All of this back & forth aside, due to investor demands and legislation, the makeup of boards is gradually evolving. A new report from the California Partners Project updates earlier stats on board composition. While the report doesn’t delve in to all different aspects of diversity, it suggests that most of the gains right now are coming in the form of directors who are part of a single underrepresented group – e.g., white women – versus those whose identities intersect with multiple underrepresented communities – e.g., women of color. Here are some takeaways:
In the two years before California’s board gender diversity statute – SB 826 – was enacted, just 208 corporate board seats were newly filled by women. In the two years since, that number grew to 739. And in the first quarter of 2021, women filled 45% of public company board appointments in California, an indicator that women’s representation on boards is on the rise.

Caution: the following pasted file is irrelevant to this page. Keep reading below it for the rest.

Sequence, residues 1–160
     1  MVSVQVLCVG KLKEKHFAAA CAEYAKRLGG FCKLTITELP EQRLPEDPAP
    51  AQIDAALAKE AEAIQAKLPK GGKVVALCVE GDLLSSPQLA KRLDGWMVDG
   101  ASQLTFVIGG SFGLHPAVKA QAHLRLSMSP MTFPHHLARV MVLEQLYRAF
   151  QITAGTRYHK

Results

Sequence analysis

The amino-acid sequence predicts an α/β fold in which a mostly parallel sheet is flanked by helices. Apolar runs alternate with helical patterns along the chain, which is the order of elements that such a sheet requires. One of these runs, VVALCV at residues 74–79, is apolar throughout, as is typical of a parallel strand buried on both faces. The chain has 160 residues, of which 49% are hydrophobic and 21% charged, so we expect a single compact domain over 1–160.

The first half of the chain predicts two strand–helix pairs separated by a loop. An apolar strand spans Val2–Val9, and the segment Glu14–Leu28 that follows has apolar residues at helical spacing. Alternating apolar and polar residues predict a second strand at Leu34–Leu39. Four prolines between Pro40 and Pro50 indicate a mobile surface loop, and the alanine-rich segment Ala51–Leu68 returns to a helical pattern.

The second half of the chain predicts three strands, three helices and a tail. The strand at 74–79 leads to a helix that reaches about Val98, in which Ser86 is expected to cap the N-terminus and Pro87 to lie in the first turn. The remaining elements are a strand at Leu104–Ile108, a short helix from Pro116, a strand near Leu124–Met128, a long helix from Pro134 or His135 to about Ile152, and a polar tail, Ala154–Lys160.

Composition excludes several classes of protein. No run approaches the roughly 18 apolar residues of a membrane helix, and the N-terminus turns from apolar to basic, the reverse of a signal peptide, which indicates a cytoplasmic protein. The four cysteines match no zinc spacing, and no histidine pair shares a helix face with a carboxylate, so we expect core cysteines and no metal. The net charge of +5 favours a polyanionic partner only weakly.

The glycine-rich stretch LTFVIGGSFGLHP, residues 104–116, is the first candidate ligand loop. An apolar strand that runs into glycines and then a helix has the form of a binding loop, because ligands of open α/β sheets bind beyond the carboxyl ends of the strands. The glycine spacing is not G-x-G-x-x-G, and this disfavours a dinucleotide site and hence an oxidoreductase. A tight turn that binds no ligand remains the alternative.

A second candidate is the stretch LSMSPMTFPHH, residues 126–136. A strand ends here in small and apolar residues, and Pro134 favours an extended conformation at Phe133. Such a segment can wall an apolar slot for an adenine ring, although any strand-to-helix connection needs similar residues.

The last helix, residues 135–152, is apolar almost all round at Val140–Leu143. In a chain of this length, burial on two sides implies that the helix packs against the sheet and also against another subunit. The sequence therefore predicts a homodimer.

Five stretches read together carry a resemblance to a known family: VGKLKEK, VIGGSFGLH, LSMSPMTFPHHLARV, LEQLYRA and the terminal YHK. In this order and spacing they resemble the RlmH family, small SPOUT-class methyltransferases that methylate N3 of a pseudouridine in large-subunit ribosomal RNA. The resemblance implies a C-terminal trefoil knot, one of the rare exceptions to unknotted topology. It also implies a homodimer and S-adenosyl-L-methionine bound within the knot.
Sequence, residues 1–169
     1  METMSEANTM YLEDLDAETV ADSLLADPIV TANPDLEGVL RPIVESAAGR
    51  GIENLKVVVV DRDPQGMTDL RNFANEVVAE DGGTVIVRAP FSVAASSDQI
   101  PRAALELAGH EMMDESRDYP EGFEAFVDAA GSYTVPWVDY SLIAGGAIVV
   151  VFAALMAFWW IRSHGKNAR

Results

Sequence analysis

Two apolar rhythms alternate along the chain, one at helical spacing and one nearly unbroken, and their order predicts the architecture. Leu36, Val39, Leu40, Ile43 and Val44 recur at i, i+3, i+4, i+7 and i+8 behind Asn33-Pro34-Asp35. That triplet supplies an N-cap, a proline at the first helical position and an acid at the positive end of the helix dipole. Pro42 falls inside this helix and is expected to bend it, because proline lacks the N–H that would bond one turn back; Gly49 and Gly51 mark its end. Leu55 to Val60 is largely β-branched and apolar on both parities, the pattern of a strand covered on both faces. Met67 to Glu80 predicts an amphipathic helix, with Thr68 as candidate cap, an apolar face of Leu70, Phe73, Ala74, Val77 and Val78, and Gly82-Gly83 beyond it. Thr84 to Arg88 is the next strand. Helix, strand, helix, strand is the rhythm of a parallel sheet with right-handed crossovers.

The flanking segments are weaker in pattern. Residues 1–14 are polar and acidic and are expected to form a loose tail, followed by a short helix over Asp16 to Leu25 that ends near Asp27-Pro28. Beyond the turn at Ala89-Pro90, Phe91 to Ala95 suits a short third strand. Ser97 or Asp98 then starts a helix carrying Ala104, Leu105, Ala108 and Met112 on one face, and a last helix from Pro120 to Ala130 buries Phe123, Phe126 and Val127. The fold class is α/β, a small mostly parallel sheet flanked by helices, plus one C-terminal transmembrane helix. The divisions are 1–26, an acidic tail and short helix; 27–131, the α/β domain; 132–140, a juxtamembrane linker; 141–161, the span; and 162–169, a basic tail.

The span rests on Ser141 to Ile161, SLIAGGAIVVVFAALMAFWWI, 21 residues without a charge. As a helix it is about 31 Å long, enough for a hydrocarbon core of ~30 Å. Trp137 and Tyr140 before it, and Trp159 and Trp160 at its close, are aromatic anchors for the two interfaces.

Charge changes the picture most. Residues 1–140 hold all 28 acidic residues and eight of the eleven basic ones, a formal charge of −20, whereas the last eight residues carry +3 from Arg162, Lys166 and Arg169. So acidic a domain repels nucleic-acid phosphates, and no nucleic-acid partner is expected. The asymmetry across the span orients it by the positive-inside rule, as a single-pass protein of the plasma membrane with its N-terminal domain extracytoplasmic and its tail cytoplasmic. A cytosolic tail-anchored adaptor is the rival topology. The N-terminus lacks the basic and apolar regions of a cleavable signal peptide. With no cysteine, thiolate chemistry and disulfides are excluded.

Although women now hold 26.5% of California’s public company board seats, only 6.6% of board seats are held by women of color, even though females of color comprise 32% of our state’s population. When it comes to Latinas, the disparity is truly shocking. Latinas make up more than 19% of California’s population and Latinos comprise over 37% of California’s workforce, yet Latinas hold only 1% of the seats on California’s public company boards.
Pages 20-24 of the report suggest strategies to further diversify boards – expand where you’re looking for candidates, expand your definition of “qualified,” take seriously the risks of homogeneous thinking, and prioritize different backgrounds over getting a “cultural fit.”
-Liz Dunshee, TheCorporateCounsel.net May 12, 2021